The Huffington Post invited five Muslim Americans to talk about what it feels like to be Muslim in America today. In this first video of our series, they share their thoughts on the often misunderstood word "jihad."
As the world reels from the terrorist attacks in Brussels, here's an important reminder about the meaning of "jihad."
For the majority of the world's 1.6 billion Muslims, jihad is a word that literally means "to struggle." It's a concept within Islam that represents a commitment to serve God, to be good to yourself and to your neighbors. It can mean something as personal as struggling to get through a rough workday or striving to seek justice for all people. However, the word continues to be misused and misunderstood by both Muslim extremists and people seeking to fuel hatred against Muslims.
This discussion around jihad is not a new conversation. In fact, it's one that Muslim activists and organizations have been having since the September 11 attacks in 2001. There have been bus advertisements, videos, blogs and social media campaigns aimed at better educating the public about the word's proper meaning.
Rowaida Abdelaziz, a social media editor at The Huffington Post, said that she rarely heard the word jihad being heavily discussed at the Islamic school that she attended as a child. The focus at the school was more on teaching the essentials of her faith -- establishing prayer five times a day, fasting during the month of Ramadan and feeling empathy for the less fortunate. She started hearing about jihad when it showed up on television, where it was often used in connection with violent images.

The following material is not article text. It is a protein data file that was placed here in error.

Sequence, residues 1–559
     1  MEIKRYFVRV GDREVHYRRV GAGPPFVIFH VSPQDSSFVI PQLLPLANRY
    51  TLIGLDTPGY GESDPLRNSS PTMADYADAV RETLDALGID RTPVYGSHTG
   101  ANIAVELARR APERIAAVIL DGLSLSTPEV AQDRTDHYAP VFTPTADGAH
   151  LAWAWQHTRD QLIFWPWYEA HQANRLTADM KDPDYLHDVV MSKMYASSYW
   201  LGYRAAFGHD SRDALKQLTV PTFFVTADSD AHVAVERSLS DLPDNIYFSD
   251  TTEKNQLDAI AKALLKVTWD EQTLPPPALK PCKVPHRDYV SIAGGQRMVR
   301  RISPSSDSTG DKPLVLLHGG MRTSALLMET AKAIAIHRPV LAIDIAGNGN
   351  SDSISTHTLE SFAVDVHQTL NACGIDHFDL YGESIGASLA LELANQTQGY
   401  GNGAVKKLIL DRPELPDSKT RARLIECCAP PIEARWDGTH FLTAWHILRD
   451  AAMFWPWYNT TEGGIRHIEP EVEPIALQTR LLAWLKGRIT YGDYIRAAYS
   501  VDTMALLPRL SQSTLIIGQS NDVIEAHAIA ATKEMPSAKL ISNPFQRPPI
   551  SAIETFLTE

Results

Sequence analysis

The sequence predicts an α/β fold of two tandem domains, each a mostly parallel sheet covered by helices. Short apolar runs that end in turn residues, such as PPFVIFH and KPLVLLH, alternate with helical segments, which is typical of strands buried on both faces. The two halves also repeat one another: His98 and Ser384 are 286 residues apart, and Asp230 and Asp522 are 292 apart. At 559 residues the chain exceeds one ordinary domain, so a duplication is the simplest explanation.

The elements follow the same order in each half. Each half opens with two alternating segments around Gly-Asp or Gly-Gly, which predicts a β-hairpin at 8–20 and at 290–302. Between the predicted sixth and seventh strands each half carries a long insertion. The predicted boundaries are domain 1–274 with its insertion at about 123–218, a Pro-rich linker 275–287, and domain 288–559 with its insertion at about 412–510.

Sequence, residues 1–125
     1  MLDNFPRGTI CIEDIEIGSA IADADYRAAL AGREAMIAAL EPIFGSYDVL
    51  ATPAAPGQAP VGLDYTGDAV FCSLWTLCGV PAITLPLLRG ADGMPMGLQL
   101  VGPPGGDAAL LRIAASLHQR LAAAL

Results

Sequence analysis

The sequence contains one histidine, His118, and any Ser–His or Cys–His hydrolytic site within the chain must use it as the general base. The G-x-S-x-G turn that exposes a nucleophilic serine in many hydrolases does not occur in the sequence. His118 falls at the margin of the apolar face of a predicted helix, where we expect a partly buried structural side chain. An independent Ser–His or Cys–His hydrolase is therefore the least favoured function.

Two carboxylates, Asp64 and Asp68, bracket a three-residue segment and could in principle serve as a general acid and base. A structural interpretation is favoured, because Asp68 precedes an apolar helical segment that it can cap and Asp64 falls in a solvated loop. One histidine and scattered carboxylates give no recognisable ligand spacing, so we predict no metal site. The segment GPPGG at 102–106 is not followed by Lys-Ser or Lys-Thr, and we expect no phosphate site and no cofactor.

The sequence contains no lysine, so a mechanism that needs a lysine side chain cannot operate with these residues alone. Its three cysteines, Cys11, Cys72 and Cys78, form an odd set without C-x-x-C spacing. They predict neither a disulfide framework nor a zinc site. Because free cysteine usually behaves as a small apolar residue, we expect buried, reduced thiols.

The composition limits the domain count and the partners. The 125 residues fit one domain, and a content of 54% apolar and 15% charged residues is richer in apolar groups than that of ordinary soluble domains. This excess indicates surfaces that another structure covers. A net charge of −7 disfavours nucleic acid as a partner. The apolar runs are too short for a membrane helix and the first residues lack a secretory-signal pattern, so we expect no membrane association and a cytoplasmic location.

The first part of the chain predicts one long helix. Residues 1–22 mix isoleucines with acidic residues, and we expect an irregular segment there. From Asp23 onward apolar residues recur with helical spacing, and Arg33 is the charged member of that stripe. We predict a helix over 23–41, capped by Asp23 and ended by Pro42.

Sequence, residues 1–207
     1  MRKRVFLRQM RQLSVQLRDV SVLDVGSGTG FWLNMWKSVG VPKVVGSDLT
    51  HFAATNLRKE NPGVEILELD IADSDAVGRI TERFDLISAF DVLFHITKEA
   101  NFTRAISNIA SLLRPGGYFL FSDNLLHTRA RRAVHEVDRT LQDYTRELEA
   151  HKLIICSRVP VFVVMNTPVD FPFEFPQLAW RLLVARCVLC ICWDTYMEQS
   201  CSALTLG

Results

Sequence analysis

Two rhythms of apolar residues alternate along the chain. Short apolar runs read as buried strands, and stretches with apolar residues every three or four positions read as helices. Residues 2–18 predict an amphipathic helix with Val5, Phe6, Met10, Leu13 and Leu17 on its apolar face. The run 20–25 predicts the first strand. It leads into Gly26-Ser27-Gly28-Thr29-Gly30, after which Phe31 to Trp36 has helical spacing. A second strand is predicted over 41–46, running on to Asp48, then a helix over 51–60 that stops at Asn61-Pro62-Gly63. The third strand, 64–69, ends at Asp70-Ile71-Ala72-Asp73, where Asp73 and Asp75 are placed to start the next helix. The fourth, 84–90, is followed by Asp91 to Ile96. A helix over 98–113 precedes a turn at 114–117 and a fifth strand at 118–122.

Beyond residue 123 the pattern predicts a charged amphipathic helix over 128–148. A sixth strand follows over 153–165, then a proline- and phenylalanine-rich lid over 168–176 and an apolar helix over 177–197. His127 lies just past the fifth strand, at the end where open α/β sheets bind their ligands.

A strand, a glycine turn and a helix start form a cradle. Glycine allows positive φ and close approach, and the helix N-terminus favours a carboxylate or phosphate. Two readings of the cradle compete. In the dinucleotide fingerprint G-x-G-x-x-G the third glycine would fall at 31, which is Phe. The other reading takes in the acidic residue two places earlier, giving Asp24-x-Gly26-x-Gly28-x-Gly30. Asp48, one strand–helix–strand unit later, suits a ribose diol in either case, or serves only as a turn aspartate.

Abdelaziz said the word has now become so politicized for her that it no longer holds the spiritual meaning it is supposed to have. This politicization has real consequences for the larger American Muslim community and for her personally, as violence and aggressive acts against Muslims continue to occur across the country.
"When words like [jihad] ... are constantly being portrayed, whether its on subway ads ... newspapers or on TV or billboards, people are going to be afraid, people are going to continue to see us as the other," Abdelaziz said in an interview with HuffPost Rise. "When that happens, it alienates the Muslim community. And when the Muslim community is alienated, they feel like they're less American than their neighbors. And so they begin questioning their day-to-day lives, and some people just want to hide the fact that they're Muslim because of this fear."
"I think these are a lot of the negative effects that happen when Muslims are politicized and are not seen as just regular humans like everybody else," she added.